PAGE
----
In Keller’s English translation of Reliance of the Traveller, Imam Dhahabi (an important 13th-14th century Shafi‛i scholar) is quoted as listing certain sins as “enormities,” meaning that there is a threat of punishment after death mentioned in the Qur’an or hadiths, a legal penalty is prescribed or the transgressor is accursed by Allah (God) or Muhammad. These “enormities” are the most serious sins and, according to the Qur’an; if they are avoided then a person will be caused by Allah to enter an honorable gate (meaning reward in Paradise after death). According to Imam Dhahabi, committing an “enormity” without knowing that it is unlawful eliminates the guilt, except for denying those religious tenets that are universally known by Muslims. Imam Dhahabi lists the eating of unslaughtered meat, blood or swine as “enormities,” saying that whoever voluntarily eats of these is a criminal.
**Islamic scholars disagree on certain points of law based on different methodologies used in deriving the law from the Qur’an and the traditions (sunna) concerning the life of Muhammad and his closest companions, particularly as expressed in the compiled hadiths. There are four major schools of jurisprudence in Sunni Islam: the Maliki, the Hanafi, the Shafi‛i and the Hanbali. These names are derived from the individual scholars considered to have been the founders of each school: Malik, Abu Hanifa, al-Shafi‛i and Ahmad ibn Hanbal, respectively. The source texts we have used to prepare our summaries of Islamic jurisprudence contain the legal views of these different founders and schools, as described at Source Texts Used for Laws of Islam.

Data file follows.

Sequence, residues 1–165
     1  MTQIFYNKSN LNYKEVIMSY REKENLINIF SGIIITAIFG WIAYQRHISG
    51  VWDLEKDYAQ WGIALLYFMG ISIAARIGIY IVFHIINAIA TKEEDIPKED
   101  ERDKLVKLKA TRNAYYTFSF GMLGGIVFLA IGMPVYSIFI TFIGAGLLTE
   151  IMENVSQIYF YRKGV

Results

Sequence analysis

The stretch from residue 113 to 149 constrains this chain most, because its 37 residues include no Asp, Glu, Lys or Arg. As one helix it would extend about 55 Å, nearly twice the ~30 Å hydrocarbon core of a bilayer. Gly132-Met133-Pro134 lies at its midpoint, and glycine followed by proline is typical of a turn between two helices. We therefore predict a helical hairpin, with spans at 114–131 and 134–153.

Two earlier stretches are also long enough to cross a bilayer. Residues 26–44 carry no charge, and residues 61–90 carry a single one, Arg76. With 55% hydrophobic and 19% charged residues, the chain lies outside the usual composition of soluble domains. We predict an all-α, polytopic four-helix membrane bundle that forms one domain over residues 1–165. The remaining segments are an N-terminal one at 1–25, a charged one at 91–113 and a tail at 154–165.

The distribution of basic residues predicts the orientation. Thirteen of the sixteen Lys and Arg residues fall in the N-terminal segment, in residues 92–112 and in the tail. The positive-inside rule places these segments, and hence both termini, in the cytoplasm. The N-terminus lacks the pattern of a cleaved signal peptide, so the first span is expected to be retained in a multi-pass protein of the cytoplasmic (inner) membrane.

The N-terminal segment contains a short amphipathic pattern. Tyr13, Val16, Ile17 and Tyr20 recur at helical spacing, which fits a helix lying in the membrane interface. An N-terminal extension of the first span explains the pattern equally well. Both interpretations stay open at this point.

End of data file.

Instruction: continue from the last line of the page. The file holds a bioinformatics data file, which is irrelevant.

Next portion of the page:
§The more general term sharia is often used loosely to mean the specific derived laws of fiqh, such as those summarized here.
Abbreviations used in footnotes:
BK: Hadith collection of al-Bukhari as found here (USC website) and here (ebook download). In a few instances, the hadiths on the USC website differ from those in the ebook download, either by having slightly different numbering of the hadiths or because the hadith appears only on the USC site and not in the ebook download. Such cases are noted in the footnotes by putting either “(USC)” or “(ebook)” after the relevant hadith number when it applies to only one of these two sources.